Walter Keim
Torshaugv. 2 C
N-7020 Trondheim, 18.4.2002 

Mr Romano Prodi
President of the Commission
European Commission 
B-1049 Brussels 

Freedom of information for Germany


I appreciate that the European Commission suggested 1993 in Communication 93 (191)
freedom of information i.e. access to public documents. Later the Charta of the 
EU Article 42 and Article 255 of the Treaty on European Union were updated it was 
successfully implemented:
You give a very good example by publishing your mail:

I would like to draw your attention to the fact, that the work on the
German freedom of information law is being stopped (see

In environmental matters freedom of information is implemented according to a EU directive (Council Directive 90/313/EEC).  
This was adapted not 31. December 1992 but two years too late on 15. July 1994. German bureaucracy 
tried to hinder Germans with help of high costs to use freedom of information. It was prohibitive to have to pay even if the
access was denied. I appreciate that the European Commission won (Case C-217/97) at the European High Court to achieve
that Germans could benefit from freedom of information in environmental subjects.

Communication 93 (191) included mainly plans for EU, but the Commission proposed that member states should 
also recognize freedom of information. 
I asked the Council to show me documents what the Council replied
To my surprise these documents did not seem to indicate objections to freedom of information for member states.

The German Parliament has abused its sovereignty in this field by denying its
citizens freedom of information, which is now widely recognized as human right. e.g. Toby MENDEL: Freedom of Information: An Internationally protected Human Right (see:
Only 5 countries in Europe (Luxembourg, Switzerland, Croatia, Yugoslavia ) are working on laws, 
all the others have freedom of information in constitutions and/or laws.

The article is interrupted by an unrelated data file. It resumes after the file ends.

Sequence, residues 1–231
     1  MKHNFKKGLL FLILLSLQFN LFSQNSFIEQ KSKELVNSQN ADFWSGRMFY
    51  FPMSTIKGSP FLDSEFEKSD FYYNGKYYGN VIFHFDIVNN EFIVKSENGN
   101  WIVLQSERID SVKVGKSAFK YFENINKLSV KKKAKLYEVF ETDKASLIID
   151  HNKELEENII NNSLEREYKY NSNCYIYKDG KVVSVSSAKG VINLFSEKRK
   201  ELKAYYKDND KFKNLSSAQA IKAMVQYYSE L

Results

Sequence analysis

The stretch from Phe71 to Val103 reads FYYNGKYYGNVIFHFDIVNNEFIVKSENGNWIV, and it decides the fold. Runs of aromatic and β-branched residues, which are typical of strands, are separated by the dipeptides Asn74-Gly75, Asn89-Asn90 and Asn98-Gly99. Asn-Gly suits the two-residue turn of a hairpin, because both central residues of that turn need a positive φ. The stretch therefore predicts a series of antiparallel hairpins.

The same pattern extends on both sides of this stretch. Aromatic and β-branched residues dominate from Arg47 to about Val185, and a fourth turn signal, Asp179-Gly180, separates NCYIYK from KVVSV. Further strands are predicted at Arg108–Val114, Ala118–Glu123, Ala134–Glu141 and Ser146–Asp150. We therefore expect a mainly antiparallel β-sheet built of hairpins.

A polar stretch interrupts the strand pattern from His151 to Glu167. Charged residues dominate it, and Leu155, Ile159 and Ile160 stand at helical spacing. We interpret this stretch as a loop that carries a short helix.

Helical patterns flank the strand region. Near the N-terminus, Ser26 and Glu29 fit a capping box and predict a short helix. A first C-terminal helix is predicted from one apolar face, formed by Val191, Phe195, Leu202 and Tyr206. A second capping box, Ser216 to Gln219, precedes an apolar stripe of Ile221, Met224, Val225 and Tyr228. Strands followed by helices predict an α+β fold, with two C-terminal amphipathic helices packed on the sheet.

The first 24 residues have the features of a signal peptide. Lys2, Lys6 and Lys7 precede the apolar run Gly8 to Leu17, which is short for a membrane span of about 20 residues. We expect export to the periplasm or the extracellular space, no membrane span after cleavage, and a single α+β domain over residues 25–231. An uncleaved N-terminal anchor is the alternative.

I wrote petitions to the German federal Parliament Bundestag, the European Parliament and work on complaints to UN
and German Constitutional Court about freedom of information.

I would like to inform you, that there is a possibility, that Germany will be the only country in whole Europe without
freedom of information at the end of this year.

Of course this situation is the responsibility of Germany. How to cope with this new situation?
Nearly all countries have now implemented freedom of information. Is it now possible to consider to get the Commissions 
plans of 1993 accepted by the Council for freedom of information for member states?


Walter Keim 

Copy: EU Council, European Parliament (Petition 80/2002), Bundeskanzler, Members of German Parliament

8 May 2002: The Commissions answer.

PS: This letter got nr. A (2002) 883311 in the register of President's correspondence. You can find it by specifying Keim as Sender's name and pressing the Search bottom. 

Support Freedom of Information by E-Mail to the European Commission and Council with a copy to the European Parliament.

FOI laws in EuropeFreedom of Information in European ConstitutionsFreedom of information came 1766 to Sweden, 1951 to Finland1966 to den USA and 1970 to Norway. In 1981 the Council of Europe gave "Recommendation No. R (81) 19" on the access to information held by public authorities. Since then both EU and nearly all countries in the EU and Europe adopted such laws. However citizen rights in member states vary and there are no minimum standards. In order to keep up with the international development freedom of information should be strengthened in EU member states.

Support Freedom of Information, by the following E-Mail to the European Commission (click here):
I support the call to the European Commission and Council for democratic and accountable Freedom of Information Laws on access to public documents in EU and member states.

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